Editor’s Commentary: I am always extremely skeptical of stories that discuss the next great “pandemic” or talk of diseases that are going to wipe out large portions of the population. Generally, they fall to the wayside faster than Monkeypox fell out of the news cycle. But we also know the powers-that-be — whether in the CCP, the WHO, or our own government — are working on ways to do exactly what they warn us about incessantly.
The article below by Michael Snyder from End of the American Dream is not fearmonger per se because it deals with a known challenge that even “fringe” scientists and alternative media accept as real: “Antimicrobial Resistance.” We are an over-medicated society that turns to Big Pharma for the vast majority of our ailments and as such we’ve created a perfect biological storm for “superbugs” to rise. Whether by design or sheer societal stupidity, we are medicating ourselves into complete vulnerability. Well, some of us are. Thankfully, many of us avoid anything Big Pharma puts out like it’s the literal Black Plague because eventually it likely will be. With that said, here’s Michael’s report…
The rise of the “superbugs” is here. The death toll is already in the millions each year, and it won’t be too long before “superbugs” are killing tens of millions of people each year. In my last book I identified a number of long-term trends that threaten to collapse our society, and now you can add this one to the list. The clock really is ticking for humanity, but most people in the general population simply do not understand what we are facing. They just assume that life will go on as it always has, but that is simply not going to be possible.
If you are not familiar with “antimicrobial resistance”, the following is a decent definition from the official CDC website…
Antimicrobial resistance happens when germs like bacteria and fungi develop the ability to defeat the drugs designed to kill them. That means the germs are not killed and continue to grow. Resistant infections can be difficult, and sometimes impossible, to treat.
According to Dr. Chris Murray, antimicrobial resistance “is actually now one of the leading causes of death in the world”.
It accounts for more deaths than tuberculosis, it accounts for more deaths than malaria, and it accounts for more deaths than HIV/AIDS.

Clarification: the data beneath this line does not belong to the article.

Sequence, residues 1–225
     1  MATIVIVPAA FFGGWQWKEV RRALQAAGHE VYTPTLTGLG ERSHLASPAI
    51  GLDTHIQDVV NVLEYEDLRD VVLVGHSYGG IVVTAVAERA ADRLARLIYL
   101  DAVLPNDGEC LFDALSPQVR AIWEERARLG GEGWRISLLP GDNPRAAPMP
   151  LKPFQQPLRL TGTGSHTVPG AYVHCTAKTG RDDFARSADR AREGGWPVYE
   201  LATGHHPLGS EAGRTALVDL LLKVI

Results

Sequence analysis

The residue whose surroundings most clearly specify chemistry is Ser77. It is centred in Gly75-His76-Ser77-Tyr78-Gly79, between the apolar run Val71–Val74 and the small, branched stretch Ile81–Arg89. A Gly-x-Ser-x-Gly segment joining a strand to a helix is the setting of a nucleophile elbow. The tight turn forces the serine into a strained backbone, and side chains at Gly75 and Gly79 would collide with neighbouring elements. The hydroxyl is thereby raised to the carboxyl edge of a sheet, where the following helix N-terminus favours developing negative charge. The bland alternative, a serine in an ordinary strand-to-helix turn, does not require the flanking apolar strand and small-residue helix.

So we are talking about a crisis that is already incredibly serious.
Sadly, this is just the beginning. USA Today is reporting that antimicrobial resistance is now killing more than 5 million people a year, but the death toll is “expected to grow into the tens of millions within a few decades”…
In 2019, the last year data is available, more than 2.8 million Americans had antimicrobial-resistant infections and more than 35,000 died, according to the Centers for Disease Control and Prevention. Worldwide, deaths already top 5 million a year and are expected to grow into the tens of millions within a few decades.
If “superbugs” are soon killing tens of millions of people per year, that will mean that there will be hundreds of millions of deaths by the end of this century.
And that is actually an optimistic forecast. There are some that believe that the death toll could be far worse because “bacteria are mutating to evade antibiotics at a pace far faster than many researchers had previously forecast”.
Scientists tell us that one of the big reasons this is happening is because we have been overusing antibiotics.
Way too often, doctors are prescribing antibiotics for their patients when they don’t really need them.
But even more importantly, in recent decades it has become common practice to feed antibiotics to livestock so that they will get bigger…
The commercial raising of animals for food has contributed to the problem. For decades, breeders have fed their livestock antibiotics. At first, they started out trying to help sick animals get well. But they noticed that animals fed antibiotics got big faster. So it became standard practice to include antibiotics in the feed of every animal, from poultry to fish to pigs to cows.
So now resistance to antibiotics is spreading like wildfire, and we are seeing some tremendous tragedies as a result.
For example, when a 24-year-old woman scraped her knee on some rocks in 2012, she never imagined it would lead to all four limbs being amputated…
In her recent talk, Wilson told the story of Aimee Copeland, a 24-year-old grad student when she fell off a zip line in 2012 and scraped her knee on some rocks in the river below.